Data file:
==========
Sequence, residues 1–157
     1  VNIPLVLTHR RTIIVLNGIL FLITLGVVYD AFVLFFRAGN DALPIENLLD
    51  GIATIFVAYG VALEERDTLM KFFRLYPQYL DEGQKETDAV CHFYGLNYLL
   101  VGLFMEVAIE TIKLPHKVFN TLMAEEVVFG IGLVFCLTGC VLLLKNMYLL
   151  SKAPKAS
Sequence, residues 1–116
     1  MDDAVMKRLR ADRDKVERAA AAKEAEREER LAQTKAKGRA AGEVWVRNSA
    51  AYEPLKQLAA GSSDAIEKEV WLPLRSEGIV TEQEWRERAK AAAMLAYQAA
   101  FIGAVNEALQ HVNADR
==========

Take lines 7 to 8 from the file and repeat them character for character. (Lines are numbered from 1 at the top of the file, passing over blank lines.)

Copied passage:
     1  MDDAVMKRLR ADRDKVERAA AAKEAEREER LAQTKAKGRA AGEVWVRNSA
    51  AYEPLKQLAA GSSDAIEKEV WLPLRSEGIV TEQEWRERAK AAAMLAYQAA